Postcard from home

On Keeping in Touch While Out of Reach

We’re on Day 200 what now? I think I stopped counting shortly after Day 100. Clearly, there is really nothing we’re counting down to? I remember during the early weeks of community quarantine, I was so eager to hop on a video call with my barkada, yearning for some sort of connection to them. We had unusually met up several times early this year because one of our friends was home from the US. I was meeting up with some of them for coffee more frequently than usual (thrice in one week!) and even went out of town the weekend before we were all put on lockdown.

Before this, I considered myself a “homebody,” content with the bubble that is my room. Give me an internet connection and food, and I won’t complain. But soon after, I realized how important my social relationships are to me. I like meeting up with friends whether it’s over a good meal at a favorite spot or just hanging out at someone’s place doing nothing particularly special. And now, I don’t even want to leave the house to buy groceries (one of my favorite things to do in the Before Times).

As the months went on, I slowly embraced the privilege of having to work remotely and not have to be on a call constantly like my two brothers, whose virtual meetings I could hear through the walls. I could stay in my pajamas the entire day, leaving my room only to eat. The occasional video call for someone’s birthday gave me an excuse to dress up, put on some makeup, or brush my hair. But even the novelty of that has worn off. I go on video calls with my camera off now.

Earlier this year, my high school batch was supposed to meet up for a boozy (for them, heh) brunch to celebrate our 20th year (!) out of high school. We briefly considered pushing through with it (“is it considered a mass gathering if we’re less than 30?”), but thank goodness we didn’t. Months later, we put together an online chikahan on our FB group. The topic couldn’t be farther from my own reality (homeschooling—I have no child/I’m not married nor do I have a partner, lol) but somehow, it felt good to see familiar faces and see comments from fellow batchmates living here and overseas. Before this, I wouldn’t even have volunteered to be involved for a number of reasons. Now, I find myself thinking of ways to engage my batchmates, banking on nostalgia and the need for connection.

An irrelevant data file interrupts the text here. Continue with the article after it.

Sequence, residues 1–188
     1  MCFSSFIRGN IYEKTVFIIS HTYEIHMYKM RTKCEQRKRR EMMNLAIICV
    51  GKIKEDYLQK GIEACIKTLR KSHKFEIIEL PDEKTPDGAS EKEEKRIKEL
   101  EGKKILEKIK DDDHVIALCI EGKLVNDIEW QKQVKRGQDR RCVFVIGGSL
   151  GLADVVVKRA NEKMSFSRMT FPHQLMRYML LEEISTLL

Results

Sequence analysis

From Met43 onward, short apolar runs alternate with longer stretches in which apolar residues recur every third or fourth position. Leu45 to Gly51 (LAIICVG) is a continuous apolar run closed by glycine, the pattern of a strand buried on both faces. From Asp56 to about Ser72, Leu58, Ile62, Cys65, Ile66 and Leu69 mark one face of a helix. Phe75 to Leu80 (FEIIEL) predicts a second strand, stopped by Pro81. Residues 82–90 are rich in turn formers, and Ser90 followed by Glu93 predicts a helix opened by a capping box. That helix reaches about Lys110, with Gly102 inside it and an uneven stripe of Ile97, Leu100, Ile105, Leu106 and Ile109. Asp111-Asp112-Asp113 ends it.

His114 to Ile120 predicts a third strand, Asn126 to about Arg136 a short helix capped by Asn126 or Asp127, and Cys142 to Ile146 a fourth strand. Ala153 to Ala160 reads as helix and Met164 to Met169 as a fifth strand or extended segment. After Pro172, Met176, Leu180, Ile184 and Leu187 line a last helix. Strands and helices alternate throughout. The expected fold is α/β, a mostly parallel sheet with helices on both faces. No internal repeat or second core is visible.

These days, I find myself looking for connections in the stories I read written by people I don’t know personally but somehow I share a similar experience with. I find some strange comfort in the series and movies I’ve been watching, especially those I’ve grown up with and remember watching over and over again. Though I can’t quite replicate the feeling of catching my favorite movie on TV just as it’s about to begin. I can just search and hit play whenever.

A few times a day, I browse through the complaint-ridden neighborhood group I’m in and wonder if I’m the person making a noise above them that they’re constantly ranting about. LOL, I sincerely hope I’m not.

Group chats are mostly echo boxes, with most participants just reacting with a click on the heart beside the message. Sometimes, I end up backreading and just foregoing replying because people have already moved on to a different topic. I find myself chatting in smaller groups or just directly with a single person—even on Instagram DM.

On Monday, I start a new job. I haven’t had a full-time gig in 3 years. In the Before Times, this would mean going into an actual office, seeing people in person, and feeling my way through a new role. But I suppose it’s kind of interesting, too, how I’ll make connections through a screen. For now, let me savor the rest of the week when there are no calls to be made and I can still lounge in pambahay all day long.

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